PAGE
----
From the hours of 12 pm to 5:30, our group walked into the tattoo parlor and made it our temporary home. While creating our designs with the artists, we kept our morale high through the many anthems from Mama Mia the musical. More excited than nervous, we were excited to share this experience together- one that we would never forget. By having the accompaniment of song during our wait, our nerves began to subside as we each took our turn getting inked.

Coming from a musical family and enjoying singing everyday, the process of me getting a tattoo was more like a concert compared to a painful memory. With the help of four friends in the room, we sang the anthems of Miley Cyrus to pass the time while the artist created the design onto my ankle. A quote said by my emotional supporter Eesha to distract me that I will never forget was, “I’d tell you a chemistry joke, but I wouldn’t get a reaction.” All these positive and upbeat diversions made the time go past by fast and very enjoyable. Within less than ten minutes, the artist completed the image on my ankle that portrayed a plethora of meanings that I will never forget or regret: one of them relating to the importance of this trip to Ecuador.

Following my completion, I gave out my touch of support to my other fellow friends as they conquered their pain, while receiving their designs. Holding each other’s hands and being supportive towards one another during this intimate, vulnerable, and important moment of each of our lives was an honor, and to me just as significant as the tattoos themselves. The end result was seven of us getting tattoos related to Ecuador, including the latitude zero, and getting a piercing. These gestures were a reminder of each other everyday, and what we have accomplished on this dialogue. After we completed these monumental achievements, we quickly headed back to get a quick dinner at the hotel before the bus arrived at 7 PM.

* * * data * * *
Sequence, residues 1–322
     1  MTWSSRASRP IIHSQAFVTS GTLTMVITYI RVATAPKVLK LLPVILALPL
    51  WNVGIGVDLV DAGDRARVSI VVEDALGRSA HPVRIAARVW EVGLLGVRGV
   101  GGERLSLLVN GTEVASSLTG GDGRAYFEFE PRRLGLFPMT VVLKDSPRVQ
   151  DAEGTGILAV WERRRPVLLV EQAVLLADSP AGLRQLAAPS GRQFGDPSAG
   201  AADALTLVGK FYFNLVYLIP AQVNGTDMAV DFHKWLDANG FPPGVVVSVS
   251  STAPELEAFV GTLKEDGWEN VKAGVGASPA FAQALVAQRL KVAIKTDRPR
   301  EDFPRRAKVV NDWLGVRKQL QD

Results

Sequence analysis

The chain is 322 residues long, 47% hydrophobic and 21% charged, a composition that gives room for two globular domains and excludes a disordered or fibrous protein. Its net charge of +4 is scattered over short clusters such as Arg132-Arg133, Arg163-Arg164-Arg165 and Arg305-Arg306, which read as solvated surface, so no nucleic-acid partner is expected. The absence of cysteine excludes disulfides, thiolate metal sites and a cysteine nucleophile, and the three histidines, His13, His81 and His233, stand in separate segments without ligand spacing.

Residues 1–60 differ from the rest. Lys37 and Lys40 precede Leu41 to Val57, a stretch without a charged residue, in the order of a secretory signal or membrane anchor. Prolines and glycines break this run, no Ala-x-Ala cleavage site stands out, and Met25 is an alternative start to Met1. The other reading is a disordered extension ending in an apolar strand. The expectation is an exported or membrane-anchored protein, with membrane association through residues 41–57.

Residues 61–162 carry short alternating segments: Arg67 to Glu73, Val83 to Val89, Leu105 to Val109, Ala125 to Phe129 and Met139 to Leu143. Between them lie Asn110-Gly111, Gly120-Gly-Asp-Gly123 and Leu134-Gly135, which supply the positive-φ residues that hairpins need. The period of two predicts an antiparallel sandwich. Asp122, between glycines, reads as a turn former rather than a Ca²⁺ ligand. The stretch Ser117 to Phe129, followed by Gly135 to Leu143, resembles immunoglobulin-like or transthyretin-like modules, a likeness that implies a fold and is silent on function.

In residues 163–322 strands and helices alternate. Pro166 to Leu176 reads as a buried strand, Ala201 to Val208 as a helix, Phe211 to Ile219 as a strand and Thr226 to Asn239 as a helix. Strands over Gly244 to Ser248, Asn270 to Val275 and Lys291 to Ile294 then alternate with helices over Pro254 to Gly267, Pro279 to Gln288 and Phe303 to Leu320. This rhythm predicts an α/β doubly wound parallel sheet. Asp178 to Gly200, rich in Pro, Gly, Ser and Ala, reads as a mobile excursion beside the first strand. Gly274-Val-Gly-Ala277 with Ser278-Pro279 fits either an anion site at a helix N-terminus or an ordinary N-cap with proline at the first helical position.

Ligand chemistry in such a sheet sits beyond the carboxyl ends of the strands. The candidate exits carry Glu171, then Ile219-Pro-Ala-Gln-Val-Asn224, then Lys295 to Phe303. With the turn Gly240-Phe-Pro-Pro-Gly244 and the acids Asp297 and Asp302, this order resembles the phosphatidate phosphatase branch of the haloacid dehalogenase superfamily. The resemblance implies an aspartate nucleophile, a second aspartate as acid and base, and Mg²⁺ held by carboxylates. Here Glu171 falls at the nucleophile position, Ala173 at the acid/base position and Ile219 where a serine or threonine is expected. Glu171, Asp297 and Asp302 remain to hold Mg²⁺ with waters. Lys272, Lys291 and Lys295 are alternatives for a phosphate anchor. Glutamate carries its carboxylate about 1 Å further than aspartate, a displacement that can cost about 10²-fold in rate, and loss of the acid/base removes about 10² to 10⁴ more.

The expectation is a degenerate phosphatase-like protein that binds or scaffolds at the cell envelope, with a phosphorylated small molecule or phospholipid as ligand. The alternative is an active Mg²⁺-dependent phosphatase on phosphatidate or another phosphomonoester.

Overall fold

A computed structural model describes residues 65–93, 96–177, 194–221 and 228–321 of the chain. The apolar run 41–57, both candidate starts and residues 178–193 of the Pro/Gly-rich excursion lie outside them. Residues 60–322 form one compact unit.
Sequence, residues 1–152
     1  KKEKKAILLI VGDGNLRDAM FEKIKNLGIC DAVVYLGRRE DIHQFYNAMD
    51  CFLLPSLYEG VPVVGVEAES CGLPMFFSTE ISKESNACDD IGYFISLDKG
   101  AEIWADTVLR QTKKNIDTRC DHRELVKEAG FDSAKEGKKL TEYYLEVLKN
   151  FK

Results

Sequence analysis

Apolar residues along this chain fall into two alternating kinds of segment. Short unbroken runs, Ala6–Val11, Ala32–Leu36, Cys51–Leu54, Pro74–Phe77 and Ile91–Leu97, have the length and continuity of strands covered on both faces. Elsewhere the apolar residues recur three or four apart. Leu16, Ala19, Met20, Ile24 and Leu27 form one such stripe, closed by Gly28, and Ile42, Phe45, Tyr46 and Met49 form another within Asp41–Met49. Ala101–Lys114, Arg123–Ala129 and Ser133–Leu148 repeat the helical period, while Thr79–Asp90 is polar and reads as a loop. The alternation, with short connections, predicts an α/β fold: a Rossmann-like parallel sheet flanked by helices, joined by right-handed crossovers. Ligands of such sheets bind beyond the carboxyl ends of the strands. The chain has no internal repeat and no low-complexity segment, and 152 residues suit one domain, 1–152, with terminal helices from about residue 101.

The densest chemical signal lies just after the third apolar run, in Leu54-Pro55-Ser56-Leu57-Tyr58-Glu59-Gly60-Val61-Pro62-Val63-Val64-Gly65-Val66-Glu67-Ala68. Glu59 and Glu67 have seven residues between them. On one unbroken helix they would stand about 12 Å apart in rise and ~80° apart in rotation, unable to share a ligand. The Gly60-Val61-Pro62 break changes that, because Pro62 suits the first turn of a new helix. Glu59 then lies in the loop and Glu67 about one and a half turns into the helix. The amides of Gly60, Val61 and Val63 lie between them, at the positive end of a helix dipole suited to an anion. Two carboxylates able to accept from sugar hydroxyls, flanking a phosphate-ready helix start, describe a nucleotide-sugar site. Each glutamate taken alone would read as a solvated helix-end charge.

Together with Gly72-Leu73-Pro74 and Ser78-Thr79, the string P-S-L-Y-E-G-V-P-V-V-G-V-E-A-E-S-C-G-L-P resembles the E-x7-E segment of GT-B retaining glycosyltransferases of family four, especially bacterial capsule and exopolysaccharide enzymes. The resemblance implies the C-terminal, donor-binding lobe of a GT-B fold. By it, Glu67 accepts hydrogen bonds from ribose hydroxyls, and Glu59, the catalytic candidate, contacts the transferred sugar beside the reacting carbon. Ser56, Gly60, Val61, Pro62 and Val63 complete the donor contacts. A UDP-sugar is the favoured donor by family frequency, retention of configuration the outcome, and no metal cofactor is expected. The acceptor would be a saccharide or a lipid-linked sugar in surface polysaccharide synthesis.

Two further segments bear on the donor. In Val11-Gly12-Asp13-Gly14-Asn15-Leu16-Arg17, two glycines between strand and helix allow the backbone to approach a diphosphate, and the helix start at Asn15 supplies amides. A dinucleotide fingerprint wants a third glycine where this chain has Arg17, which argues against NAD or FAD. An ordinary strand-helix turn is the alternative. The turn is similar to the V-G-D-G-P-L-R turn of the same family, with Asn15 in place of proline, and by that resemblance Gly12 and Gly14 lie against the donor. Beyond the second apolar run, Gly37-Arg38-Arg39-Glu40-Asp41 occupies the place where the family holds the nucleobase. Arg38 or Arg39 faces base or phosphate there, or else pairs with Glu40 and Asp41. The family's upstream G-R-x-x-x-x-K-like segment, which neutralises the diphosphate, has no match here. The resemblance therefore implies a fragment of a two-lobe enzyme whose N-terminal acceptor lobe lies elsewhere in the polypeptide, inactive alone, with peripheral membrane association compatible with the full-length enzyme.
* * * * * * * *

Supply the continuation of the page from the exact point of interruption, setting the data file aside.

Trying to make the most of our final time of us all being together and trying to get the most of the last bit out of Ecuador that we could, we all ate take-out from our favorite Italian restaurant. As we ate, we all felt accomplished and believed that the actions and encounters we took today were a great approach for making the most our last moments in Ecuador. Feeling like the last supper, I didn’t want to be anywhere else in the world at that moment.

Once we all finished dinner, it was time to get our belongings, head onto the bus, and say our final goodbyes to Sierra Madre. After packing up the bus, we all waved through its windows out to two of our adventurous classmates who were continuing their Latin American adventure after the dialogue. There was no turning back, as we then pulled away from the hotel to the airport.

Sensing the long road ahead back to America, we all tried to relax and watch the final glimpses of the city of Quito. Seeing one of my forever-favorite views was the city lights that lit up the night sky, so I was excited that it would be my final glimpse of the beautiful country. We then got to the airport, and had to say goodbye to our final Ecuadorian friend and bus driver Marcello. We could have not have over came the Ecuadorian terrain without the talented driver that he was. After leaving him, we made our way to the check into Delta Airlines. As we gave our passports to the attendants, we knew there would be long travels ahead of us: A Red Eye flight at 11:30 PM to Atlanta, Georgia, and an 8:30 AM flight from there to Boston, MA. As we gave our bags to the airline that were filled with many of our well-worn clothes, gifts, crafts, and memorabilia’s, its parting symbolized the marks that we had made with Ecuador, as well as how it affected us. We then headed into security and soon to the United States, where we would hope to show the world everything that we learned on our trip.